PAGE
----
In the Baron testimony scenario, the stated motives of the participants are plausible. Their behavior is consistent with what would happen if Holmburg were indeed telling the truth and Baron was mistaken.

Yet you doubt this interpretation and postulate another that requires Holmburg to have lied under oath to Congress, and Smart to have colluded to mislead the hearings.

North American Aviation was later forced to admit that AT LEAST half of Baron's observations were well founded. That is quite significant.

And those were the observations that dealt directly with Baron's job. He was qualified to make those obserations. But half of them were well outside his area of training and expertise. He was not qualified to conclude that observations he made in those areas were indications of misfeasance.

The problem is that Baron continued in his belief that all of them were significant, not just the ones vindicated by North American. And so he ran to the media telling them he'd been fired just for "doing his job", and gave them the list of all the things he insisted they were doing wrong.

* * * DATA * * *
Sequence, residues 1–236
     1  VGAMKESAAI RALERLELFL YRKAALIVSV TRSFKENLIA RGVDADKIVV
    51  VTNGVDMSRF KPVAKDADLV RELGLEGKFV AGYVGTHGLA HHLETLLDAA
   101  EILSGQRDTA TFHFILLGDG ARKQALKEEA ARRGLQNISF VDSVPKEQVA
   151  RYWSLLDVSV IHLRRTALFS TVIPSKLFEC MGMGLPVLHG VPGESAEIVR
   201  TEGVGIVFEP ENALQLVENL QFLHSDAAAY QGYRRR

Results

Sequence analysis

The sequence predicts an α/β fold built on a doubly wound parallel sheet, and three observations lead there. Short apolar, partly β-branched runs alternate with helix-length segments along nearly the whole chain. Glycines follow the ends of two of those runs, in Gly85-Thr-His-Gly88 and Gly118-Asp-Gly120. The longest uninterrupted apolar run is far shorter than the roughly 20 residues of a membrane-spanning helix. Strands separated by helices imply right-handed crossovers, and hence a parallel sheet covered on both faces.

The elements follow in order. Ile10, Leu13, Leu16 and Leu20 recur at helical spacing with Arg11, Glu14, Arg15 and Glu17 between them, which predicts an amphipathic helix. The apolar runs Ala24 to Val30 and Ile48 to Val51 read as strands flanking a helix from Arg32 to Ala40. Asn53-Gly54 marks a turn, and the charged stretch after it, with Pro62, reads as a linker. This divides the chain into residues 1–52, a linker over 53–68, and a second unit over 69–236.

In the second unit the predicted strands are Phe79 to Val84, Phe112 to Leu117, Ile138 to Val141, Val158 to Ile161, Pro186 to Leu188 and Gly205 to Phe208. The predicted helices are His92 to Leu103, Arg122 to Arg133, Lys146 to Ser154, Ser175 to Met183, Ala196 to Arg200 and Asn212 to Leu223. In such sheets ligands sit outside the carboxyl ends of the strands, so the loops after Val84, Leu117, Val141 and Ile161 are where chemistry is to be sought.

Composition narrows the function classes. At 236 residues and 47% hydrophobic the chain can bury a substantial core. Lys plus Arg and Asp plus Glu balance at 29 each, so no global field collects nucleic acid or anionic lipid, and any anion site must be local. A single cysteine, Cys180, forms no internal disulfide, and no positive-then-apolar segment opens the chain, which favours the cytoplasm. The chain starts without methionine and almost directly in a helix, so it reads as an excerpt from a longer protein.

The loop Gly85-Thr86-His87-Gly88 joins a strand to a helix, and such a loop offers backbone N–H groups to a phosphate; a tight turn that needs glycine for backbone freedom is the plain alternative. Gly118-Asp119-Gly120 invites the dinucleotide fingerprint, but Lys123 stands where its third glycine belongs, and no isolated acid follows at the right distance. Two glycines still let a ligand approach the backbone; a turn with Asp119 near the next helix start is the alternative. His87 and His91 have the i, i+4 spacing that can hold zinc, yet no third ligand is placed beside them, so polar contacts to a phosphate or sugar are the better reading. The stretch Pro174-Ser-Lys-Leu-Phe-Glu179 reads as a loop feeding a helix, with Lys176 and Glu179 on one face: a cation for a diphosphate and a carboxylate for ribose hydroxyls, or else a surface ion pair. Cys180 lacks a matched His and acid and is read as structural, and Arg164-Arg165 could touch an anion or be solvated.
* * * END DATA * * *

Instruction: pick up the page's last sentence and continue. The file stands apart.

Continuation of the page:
Seeing as neither of us has read Baron's larger report I don't see why you keep suggesting that he was in some way over his head.

It is obvious from his testimony.

By his own admission he was "labor", not a professional. By his own admission he was doing things he felt would have been better accomplished by more qualified people.

If he was I am sure NAA would never have appointed him in the first place, or used this as just cause to remove him once he was voicing his concerns.

I am not suggesting that Baron was incompetent at his job. I am suggesting that Baron was not competent to draw all the conclusions he drew based on his observations.

I have already conceded that Baron held a competent level of skill in his job. I have already conceded that North American was likely doing some things unsatisfactorily. That is not the issue I'm trying to support with these arguments.